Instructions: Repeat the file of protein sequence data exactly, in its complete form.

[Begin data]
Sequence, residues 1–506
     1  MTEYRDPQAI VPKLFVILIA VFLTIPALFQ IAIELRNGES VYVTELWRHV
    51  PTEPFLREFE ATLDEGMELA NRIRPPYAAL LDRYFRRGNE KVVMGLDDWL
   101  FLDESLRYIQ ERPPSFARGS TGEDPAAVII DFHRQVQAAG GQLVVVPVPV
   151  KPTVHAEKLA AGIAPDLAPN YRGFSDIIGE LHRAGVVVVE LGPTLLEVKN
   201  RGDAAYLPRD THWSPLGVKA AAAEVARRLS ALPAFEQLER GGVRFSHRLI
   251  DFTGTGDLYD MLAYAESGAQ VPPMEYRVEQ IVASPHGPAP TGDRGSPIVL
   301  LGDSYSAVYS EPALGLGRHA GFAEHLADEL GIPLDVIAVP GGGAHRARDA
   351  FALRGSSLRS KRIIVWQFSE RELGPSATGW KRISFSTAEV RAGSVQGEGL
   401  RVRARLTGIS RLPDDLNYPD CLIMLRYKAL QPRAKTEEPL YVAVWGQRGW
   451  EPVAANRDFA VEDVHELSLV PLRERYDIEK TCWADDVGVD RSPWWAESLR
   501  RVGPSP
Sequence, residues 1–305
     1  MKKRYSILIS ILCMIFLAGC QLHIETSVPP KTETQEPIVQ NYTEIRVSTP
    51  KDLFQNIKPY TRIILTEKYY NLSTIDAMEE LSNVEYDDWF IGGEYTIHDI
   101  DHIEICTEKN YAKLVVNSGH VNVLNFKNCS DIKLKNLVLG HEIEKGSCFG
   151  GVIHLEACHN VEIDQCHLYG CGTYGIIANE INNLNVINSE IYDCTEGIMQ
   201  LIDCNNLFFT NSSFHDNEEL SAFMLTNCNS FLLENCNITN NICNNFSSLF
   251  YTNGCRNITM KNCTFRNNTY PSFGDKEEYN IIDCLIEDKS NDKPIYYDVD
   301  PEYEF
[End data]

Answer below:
Sequence, residues 1–506
     1  MTEYRDPQAI VPKLFVILIA VFLTIPALFQ IAIELRNGES VYVTELWRHV
    51  PTEPFLREFE ATLDEGMELA NRIRPPYAAL LDRYFRRGNE KVVMGLDDWL
   101  FLDESLRYIQ ERPPSFARGS TGEDPAAVII DFHRQVQAAG GQLVVVPVPV
   151  KPTVHAEKLA AGIAPDLAPN YRGFSDIIGE LHRAGVVVVE LGPTLLEVKN
   201  RGDAAYLPRD THWSPLGVKA AAAEVARRLS ALPAFEQLER GGVRFSHRLI
   251  DFTGTGDLYD MLAYAESGAQ VPPMEYRVEQ IVASPHGPAP TGDRGSPIVL
   301  LGDSYSAVYS EPALGLGRHA GFAEHLADEL GIPLDVIAVP GGGAHRARDA
   351  FALRGSSLRS KRIIVWQFSE RELGPSATGW KRISFSTAEV RAGSVQGEGL
   401  RVRARLTGIS RLPDDLNYPD CLIMLRYKAL QPRAKTEEPL YVAVWGQRGW
   451  EPVAANRDFA VEDVHELSLV PLRERYDIEK TCWADDVGVD RSPWWAESLR
   501  RVGPSP
Sequence, residues 1–305
     1  MKKRYSILIS ILCMIFLAGC QLHIETSVPP KTETQEPIVQ NYTEIRVSTP
    51  KDLFQNIKPY TRIILTEKYY NLSTIDAMEE LSNVEYDDWF IGGEYTIHDI
   101  DHIEICTEKN YAKLVVNSGH VNVLNFKNCS DIKLKNLVLG HEIEKGSCFG
   151  GVIHLEACHN VEIDQCHLYG CGTYGIIANE INNLNVINSE IYDCTEGIMQ
   201  LIDCNNLFFT NSSFHDNEEL SAFMLTNCNS FLLENCNITN NICNNFSSLF
   251  YTNGCRNITM KNCTFRNNTY PSFGDKEEYN IIDCLIEDKS NDKPIYYDVD
   301  PEYEF